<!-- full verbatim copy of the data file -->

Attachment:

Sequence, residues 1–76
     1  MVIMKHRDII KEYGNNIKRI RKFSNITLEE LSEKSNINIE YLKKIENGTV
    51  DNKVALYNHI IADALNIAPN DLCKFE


Sequence, residues 1–76
     1  MVIMKHRDII KEYGNNIKRI RKFSNITLEE LSEKSNINIE YLKKIENGTV
    51  DNKVALYNHI IADALNIAPN DLCKFE